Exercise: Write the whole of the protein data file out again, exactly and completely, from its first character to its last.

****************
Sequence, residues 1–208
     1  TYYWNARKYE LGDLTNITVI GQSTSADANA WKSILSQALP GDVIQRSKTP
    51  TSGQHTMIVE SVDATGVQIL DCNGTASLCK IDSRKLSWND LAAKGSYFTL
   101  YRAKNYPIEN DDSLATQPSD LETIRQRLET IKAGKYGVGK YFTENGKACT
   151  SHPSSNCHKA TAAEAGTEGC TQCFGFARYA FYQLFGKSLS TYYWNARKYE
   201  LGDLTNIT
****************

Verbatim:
Sequence, residues 1–208
     1  TYYWNARKYE LGDLTNITVI GQSTSADANA WKSILSQALP GDVIQRSKTP
    51  TSGQHTMIVE SVDATGVQIL DCNGTASLCK IDSRKLSWND LAAKGSYFTL
   101  YRAKNYPIEN DDSLATQPSD LETIRQRLET IKAGKYGVGK YFTENGKACT
   151  SHPSSNCHKA TAAEAGTEGC TQCFGFARYA FYQLFGKSLS TYYWNARKYE
   201  LGDLTNIT